Realistically, you want to look at it like this… this is your investment! Don’t write a crummy note – it’s worthless. A perfect seller financed note that doesn’t have any errors, and includes the credit, collateral and capacity will ensure you make the most possible money from selling it.
Side Note on Discounted Notes: You can buy notes at big discounts. After all, you can just foreclose on the property if something doesn’t work out. We’re talking about massive discounts, which means you can do really well with discounted notes!
Wherefore Art Thou, Note Buyer?
Brokering notes is another way that people make a profit off of notes. You might see some of this on Craigslist. There are a couple of ways to go about this, as Mark points out:
- You can build your fee into the sale
- You can take a flat fee
Now I was surprised to hear that there are 23 different ways to sell a note. If you don’t have that great of a real estate note, there are ways that you can creatively package it into the sale. It’s all about creating that win-win situation.
So… how do you find a note buyer?
How to Find a Note Buyer
There are a lot of ways to go about finding a note buyer. Usually, your personal relationships with people who have IRAs are probably your best bet. (In other words, your “financial friend network.”)
Same people that would “private lend” your deals would buy notes for income.
The second option would be to reach out to fellow investors who are doing this to make a living. (You might use LinkedIn to accomplish this). Really, as Terry said, it’s all about relationships.
Mark also brought up the game of “daisy chain” that’s often played in this industry…
What he meant by this is: When a note is for sale, there’s all these people involved, and you can never talk directly to the seller. That’s one of the major problems with the institutional notes – where they’re being sold off as either discounted notes or even performing notes.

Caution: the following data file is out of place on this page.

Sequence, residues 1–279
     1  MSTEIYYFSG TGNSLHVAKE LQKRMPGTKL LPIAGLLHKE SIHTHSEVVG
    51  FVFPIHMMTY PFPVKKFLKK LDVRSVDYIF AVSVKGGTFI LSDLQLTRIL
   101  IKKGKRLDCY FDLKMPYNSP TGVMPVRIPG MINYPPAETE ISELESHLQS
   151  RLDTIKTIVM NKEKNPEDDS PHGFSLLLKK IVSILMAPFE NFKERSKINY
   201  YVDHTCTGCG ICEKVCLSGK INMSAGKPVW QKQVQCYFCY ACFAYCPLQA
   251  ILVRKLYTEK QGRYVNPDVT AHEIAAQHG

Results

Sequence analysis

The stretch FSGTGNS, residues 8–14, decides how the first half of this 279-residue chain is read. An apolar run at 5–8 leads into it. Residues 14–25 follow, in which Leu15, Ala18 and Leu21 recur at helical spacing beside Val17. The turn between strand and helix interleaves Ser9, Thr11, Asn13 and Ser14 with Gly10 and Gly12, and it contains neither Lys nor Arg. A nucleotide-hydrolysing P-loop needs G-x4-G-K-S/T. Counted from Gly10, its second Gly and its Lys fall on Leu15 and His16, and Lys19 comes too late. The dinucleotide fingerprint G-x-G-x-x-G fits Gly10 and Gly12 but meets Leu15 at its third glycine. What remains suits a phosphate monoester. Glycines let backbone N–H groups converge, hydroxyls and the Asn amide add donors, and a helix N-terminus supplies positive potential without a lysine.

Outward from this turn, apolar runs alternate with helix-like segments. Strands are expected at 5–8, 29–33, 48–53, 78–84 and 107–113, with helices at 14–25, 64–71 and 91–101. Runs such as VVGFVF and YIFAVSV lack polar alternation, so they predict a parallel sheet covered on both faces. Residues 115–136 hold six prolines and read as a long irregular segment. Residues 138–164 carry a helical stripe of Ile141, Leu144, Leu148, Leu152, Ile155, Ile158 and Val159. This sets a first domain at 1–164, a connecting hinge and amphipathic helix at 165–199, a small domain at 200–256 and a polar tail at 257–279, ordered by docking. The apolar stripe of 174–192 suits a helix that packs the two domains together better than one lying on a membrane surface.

One of the great things about dealing with the seller financed notes is that you always know who the seller is. And when you bring a buyer to the table, you know where the note is coming from.
The industry is starting to get turned on to this idea again (which was popular in the ‘80s) -that we don’t have to play this daisy chain “game” anymore. Which is great! I’m all for progress, how about you?
So, when you’re taking on seller financing, think of yourself as a high-end “matchmaker” who is providing solutions for:
- Buyers who can’t buy
- Sellers who can’t sell
- Investors needing to live
We can certainly create a note through merging a buyer and a seller – or as our own deal, as the investor. Merging these 3 people who all need something is what we can do to provide a solution.
Dodd-Frank Explained and Beyond: Learning the Rules
Not to be a Debbie Downer, but when you’re providing any type of credit or rewriting a note, you are subject to federal and state laws.